Whether you watch it on the big screen or in the comfort of your home, Ghostbusters has always been a fun movie to experience time and time again. The success of the franchise, as magical and charming as it is has continuously captured the imagination and admiration of audiences from around the world and redefined the comedy genre in the process.

* * * * *

For more information on Ghostbusters, visit their official website, complete with access to franchise news, collectibles, music and much more. Follow and connect with the real “Ghostbusters” on social media: Ernie Hudson on Twitter and Facebook; and Dan Aykroyd on Twitter and Facebook; and the one and only Louis Tully himself, Rick Moranis on Twitter and Facebook.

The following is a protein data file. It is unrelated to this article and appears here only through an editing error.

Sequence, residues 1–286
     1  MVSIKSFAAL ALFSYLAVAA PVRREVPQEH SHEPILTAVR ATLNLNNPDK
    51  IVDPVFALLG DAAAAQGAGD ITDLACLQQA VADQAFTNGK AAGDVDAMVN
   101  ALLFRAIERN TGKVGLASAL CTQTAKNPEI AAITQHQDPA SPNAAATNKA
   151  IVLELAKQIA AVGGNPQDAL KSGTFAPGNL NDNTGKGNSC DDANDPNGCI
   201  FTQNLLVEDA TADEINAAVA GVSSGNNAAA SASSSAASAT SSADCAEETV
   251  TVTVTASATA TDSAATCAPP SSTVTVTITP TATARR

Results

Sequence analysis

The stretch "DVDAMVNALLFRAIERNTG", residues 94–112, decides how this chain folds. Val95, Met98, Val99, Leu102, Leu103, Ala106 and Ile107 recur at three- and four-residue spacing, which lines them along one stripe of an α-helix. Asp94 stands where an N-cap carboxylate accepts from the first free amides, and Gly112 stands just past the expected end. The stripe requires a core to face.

And because you should do it regardless, follow the Stay-Puft Marshmallow Man on Twitter.

For more information on Gallery1988‘s traveling art show and where you can attend, be sure to visit their Ghostbusters inspired gallery at Ghostbusters 30th and follow them on Twitter for updates.

Connect with Tania Hussain on Twitter and Google+!

Tags: , , , , , , ,


  1. Celebrating 30 Years with “Ghostbusters” | westlifebunny - June 7, 2014

    […] Continue reading… […]

Leave A Reply [Invalid Emails Will Be Marked As Spam]

Fill in your details below or click an icon to log in:

WordPress.com Logo

You are commenting using your WordPress.com account. Log Out /  Change )

Twitter picture

You are commenting using your Twitter account. Log Out /  Change )

Facebook photo

You are commenting using your Facebook account. Log Out /  Change )

Connecting to %s

This site uses Akismet to reduce spam. Learn how your comment data is processed.

%d bloggers like this: